1915: Kirmeyer v. Kansas. The U.S. Supreme Court upheld the right of Kirmeyer to operate a beer distributorship. Kirmeyer moved his operations to some extent across the Missouri River to Stillings, Missouri, while maintaining operations in Leavenworth. Missouri was a wet state and Kansas dry. The court ruled that Kirmeyer was protected by the commerce clause to operate his beer distributorship legally and was not in violation of the Wilson Act. Opinion.

1917: Wear Sand Co. v. Kansas. This litigation addressed whether the state could charge a fee for allowing a company to dredge sand from the Kansas River. At issue was whether the practice of ad filum aquae that dated to English law before the Magna Carta applied to the Kansas River. The river was deemed non-navigable by the Kansas Legislature in 1864, but it was still considered to be a public waterway and not subject to the taking of adjacent landowners. The U.S. Supreme Court thus held that the state acted lawfully to charge for extraction of sand from the river. Opinion.

1923: Charles Wolff Packing v. Court of Industrial Relations. The U.S. Supreme Court reversed the Kansas Supreme Court’s ruling that affirmed a decision by the state Court of Industrial Relations that had forced the Charles Wolff Packing Company to increase its wages under the guise of public interest and the obligation for state regulation. The decisions of the Court of Industrial Relations were binding arbitration, though appeal to the Kansas Supreme Court was permitted. The U.S. Supreme Court reversed the decision on grounds that the 14th Amendment rights of the packing house were violated by depriving it of its property and “liberty of contract without due process of law.” Opinion

1939: Coleman v. Miller. This landmark case settled the question regarding time limits for the ratification of constitutional amendments. The U.S. Supreme Court ruled that it was a political question not a legal question and that Congress had the authority to place time limits on ratification. The amendment in question in 1939 was the Child Labor Amendment which had been rejected in 1925 Kansas but later ratified in 1937. The case was brought by Rolla Coleman and other members of the Kansas Senate against Secretary of State Clarence W. Miller to void the Senate’s approval of the amendment. Opinion.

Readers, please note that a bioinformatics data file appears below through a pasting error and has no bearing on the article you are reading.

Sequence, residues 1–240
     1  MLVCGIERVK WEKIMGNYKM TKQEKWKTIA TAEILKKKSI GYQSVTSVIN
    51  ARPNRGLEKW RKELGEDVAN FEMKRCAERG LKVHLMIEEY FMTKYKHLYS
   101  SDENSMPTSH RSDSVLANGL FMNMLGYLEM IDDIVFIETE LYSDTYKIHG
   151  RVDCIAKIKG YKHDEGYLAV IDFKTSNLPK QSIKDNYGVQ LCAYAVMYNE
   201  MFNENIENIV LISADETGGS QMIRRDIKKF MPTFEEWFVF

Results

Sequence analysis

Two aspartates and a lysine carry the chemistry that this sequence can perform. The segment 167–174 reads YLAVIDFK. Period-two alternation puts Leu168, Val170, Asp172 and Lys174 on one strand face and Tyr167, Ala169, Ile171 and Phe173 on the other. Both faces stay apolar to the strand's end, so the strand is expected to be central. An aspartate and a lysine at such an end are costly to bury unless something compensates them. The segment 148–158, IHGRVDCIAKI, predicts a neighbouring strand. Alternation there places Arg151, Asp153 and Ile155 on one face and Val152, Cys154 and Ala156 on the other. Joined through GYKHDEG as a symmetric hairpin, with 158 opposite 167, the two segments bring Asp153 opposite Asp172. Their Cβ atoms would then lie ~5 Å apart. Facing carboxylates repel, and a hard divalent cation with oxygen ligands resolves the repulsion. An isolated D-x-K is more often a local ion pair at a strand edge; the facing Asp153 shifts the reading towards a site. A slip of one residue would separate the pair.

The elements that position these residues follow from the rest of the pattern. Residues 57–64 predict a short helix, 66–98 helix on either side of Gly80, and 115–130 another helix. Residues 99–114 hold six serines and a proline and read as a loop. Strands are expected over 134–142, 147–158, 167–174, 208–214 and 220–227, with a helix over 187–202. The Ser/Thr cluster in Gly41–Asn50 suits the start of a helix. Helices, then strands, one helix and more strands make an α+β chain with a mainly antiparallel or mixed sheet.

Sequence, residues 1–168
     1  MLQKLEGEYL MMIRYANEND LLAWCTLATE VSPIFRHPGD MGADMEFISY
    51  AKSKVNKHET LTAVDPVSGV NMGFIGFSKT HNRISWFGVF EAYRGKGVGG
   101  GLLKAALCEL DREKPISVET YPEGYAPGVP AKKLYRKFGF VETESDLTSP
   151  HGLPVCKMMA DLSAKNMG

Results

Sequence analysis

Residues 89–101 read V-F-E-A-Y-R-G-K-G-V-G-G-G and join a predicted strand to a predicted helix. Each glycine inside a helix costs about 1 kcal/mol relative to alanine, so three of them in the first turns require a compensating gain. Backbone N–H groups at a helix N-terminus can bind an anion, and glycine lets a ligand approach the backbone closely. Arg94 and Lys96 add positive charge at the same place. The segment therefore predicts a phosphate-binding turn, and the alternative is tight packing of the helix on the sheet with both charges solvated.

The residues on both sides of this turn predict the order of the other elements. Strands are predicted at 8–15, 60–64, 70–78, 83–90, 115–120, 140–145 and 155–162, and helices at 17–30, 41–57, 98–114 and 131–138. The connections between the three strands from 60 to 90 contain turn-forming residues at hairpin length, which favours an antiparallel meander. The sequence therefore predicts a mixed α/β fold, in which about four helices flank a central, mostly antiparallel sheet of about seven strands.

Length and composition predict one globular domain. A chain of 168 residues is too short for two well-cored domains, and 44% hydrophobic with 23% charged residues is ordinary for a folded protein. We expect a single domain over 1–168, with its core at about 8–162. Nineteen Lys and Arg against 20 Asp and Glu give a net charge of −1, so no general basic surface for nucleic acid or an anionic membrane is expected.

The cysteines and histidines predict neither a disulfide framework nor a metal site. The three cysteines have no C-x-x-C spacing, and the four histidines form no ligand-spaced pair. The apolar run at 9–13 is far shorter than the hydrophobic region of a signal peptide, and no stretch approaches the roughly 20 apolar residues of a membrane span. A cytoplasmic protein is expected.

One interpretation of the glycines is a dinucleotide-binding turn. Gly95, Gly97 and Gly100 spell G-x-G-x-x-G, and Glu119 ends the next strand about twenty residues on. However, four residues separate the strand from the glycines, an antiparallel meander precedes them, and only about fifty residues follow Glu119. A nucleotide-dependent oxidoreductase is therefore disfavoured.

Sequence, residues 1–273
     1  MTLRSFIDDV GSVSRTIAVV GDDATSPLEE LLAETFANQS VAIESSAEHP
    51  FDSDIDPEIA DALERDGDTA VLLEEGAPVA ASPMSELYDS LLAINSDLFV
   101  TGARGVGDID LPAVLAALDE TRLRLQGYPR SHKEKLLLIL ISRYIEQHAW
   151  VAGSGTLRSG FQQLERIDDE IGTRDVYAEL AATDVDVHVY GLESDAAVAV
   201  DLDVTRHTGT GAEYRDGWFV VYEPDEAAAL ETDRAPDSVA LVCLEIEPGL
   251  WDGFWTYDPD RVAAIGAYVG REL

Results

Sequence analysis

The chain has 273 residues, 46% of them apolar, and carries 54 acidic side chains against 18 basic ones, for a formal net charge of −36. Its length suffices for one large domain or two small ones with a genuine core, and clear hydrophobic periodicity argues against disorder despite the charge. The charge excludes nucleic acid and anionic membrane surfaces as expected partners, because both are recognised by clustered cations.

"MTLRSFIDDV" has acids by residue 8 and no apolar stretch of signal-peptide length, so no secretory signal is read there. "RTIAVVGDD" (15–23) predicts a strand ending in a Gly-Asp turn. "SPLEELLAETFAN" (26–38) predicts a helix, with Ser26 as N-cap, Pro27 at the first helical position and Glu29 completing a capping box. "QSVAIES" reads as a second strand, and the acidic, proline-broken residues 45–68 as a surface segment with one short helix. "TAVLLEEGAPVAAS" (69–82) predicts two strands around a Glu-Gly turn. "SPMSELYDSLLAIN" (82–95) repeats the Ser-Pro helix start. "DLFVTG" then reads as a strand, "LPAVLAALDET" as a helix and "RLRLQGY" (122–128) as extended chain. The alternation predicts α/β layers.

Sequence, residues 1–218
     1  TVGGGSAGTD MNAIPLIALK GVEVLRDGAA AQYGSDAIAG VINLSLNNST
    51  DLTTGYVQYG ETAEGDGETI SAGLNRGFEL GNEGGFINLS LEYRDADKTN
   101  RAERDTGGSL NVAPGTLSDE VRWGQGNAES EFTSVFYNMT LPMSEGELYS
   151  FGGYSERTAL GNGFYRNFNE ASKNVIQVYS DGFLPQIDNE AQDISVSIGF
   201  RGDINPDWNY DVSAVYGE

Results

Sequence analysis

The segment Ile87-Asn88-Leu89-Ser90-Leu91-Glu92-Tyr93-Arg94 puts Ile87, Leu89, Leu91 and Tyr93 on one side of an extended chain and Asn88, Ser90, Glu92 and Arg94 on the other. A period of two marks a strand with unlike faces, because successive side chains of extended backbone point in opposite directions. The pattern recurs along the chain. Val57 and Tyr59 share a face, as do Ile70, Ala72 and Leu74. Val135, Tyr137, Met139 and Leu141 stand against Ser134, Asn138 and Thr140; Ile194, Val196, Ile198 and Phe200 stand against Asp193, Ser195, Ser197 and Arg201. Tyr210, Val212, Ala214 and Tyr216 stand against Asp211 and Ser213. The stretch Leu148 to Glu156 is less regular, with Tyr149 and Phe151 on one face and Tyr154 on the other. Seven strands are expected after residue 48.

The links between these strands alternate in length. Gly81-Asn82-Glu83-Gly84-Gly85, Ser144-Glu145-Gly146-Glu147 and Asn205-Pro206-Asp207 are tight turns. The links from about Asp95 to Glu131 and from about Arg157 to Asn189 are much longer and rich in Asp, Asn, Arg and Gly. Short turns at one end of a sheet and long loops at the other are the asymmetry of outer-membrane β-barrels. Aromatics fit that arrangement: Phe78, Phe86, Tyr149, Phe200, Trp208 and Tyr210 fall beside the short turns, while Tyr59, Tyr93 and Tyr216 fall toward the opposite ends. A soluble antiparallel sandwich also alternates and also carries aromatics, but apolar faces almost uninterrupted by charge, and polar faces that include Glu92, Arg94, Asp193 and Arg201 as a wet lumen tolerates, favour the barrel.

1944: Kansas v. Missouri. For the second time in less than 40 years, Kansas and Missouri were involved in a legal border war. The dispute again centered on the border as it pertained to the Missouri River. A special master was appointed by the U.S. Supreme Court to settle the dispute, resulting in a decree issued June 5, 1944. Opinion.

1950: Kansas v. Missouri. The U.S. Supreme Court affixed the border of Kansas and Missouri to complete the legal proceedings that began with the court’s decree in 1944. The order was issued after the 1944 agreement was agreed upon by the Kansas and Missouri legislatures, the U.S. House and Senate and the President of the United States. Opinion.

1954: Brown v. Board of Education. There were 11 cases that challenged school segregation in Kansas between 1881 and 1949. Kansas law was silent on the issue of segregated schools until passage of a law in 1877 that permitted, but did not require, segregated schools in communities with populations of 15,000 or more. In this landmark decision, the U.S. Supreme Court forced the desegregation of public schools and held the doctrine of separate but equal facilities violated the 14th Amendment. Historians have called the opinion the greatest ruling of the 20th century for its impact on civil rights and the nation. The lead plaintiff and namesake of the case was Linda Brown, a Topeka child who was denied the right to attend public school with white children. The Kansas case was consolidated with similar cases filed in the District of Columbia, Virginia, South Carolina and Delaware. Attorney General Harold Fatzer later wrote U.S. Supreme Court Chief Justice Earl Warren about the ruling stating, “I think it is right on constitutional grounds. All citizens of the country should be permitted to stand equally before the law and have it administered upon them without discrimination. … If the decision had been otherwise, I feel it would have been a great victory for communistic ideologies in this country, and throughout the world.” Opinion.